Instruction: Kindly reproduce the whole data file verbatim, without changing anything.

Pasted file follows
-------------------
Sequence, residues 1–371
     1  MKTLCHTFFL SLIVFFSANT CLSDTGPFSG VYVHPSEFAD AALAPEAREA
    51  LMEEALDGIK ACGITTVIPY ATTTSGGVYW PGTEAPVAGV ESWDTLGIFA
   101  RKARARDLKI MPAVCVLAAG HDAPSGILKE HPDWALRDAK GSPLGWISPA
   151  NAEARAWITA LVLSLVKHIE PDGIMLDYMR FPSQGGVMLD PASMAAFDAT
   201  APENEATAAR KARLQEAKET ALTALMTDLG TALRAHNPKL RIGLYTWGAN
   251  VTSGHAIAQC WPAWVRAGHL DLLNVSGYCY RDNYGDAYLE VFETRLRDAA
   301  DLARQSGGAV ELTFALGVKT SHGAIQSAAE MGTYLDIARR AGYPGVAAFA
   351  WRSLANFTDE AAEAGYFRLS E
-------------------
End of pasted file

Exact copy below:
Sequence, residues 1–371
     1  MKTLCHTFFL SLIVFFSANT CLSDTGPFSG VYVHPSEFAD AALAPEAREA
    51  LMEEALDGIK ACGITTVIPY ATTTSGGVYW PGTEAPVAGV ESWDTLGIFA
   101  RKARARDLKI MPAVCVLAAG HDAPSGILKE HPDWALRDAK GSPLGWISPA
   151  NAEARAWITA LVLSLVKHIE PDGIMLDYMR FPSQGGVMLD PASMAAFDAT
   201  APENEATAAR KARLQEAKET ALTALMTDLG TALRAHNPKL RIGLYTWGAN
   251  VTSGHAIAQC WPAWVRAGHL DLLNVSGYCY RDNYGDAYLE VFETRLRDAA
   301  DLARQSGGAV ELTFALGVKT SHGAIQSAAE MGTYLDIARR AGYPGVAAFA
   351  WRSLANFTDE AAEAGYFRLS E